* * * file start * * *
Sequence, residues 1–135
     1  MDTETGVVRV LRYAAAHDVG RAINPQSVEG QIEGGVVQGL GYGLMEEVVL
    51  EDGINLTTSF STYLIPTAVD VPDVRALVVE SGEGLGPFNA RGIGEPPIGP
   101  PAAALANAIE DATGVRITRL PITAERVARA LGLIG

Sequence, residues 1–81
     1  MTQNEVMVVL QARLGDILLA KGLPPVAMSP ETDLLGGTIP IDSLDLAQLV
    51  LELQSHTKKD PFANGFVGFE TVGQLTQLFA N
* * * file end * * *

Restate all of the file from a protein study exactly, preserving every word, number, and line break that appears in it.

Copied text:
Sequence, residues 1–135
     1  MDTETGVVRV LRYAAAHDVG RAINPQSVEG QIEGGVVQGL GYGLMEEVVL
    51  EDGINLTTSF STYLIPTAVD VPDVRALVVE SGEGLGPFNA RGIGEPPIGP
   101  PAAALANAIE DATGVRITRL PITAERVARA LGLIG

Sequence, residues 1–81
     1  MTQNEVMVVL QARLGDILLA KGLPPVAMSP ETDLLGGTIP IDSLDLAQLV
    51  LELQSHTKKD PFANGFVGFE TVGQLTQLFA N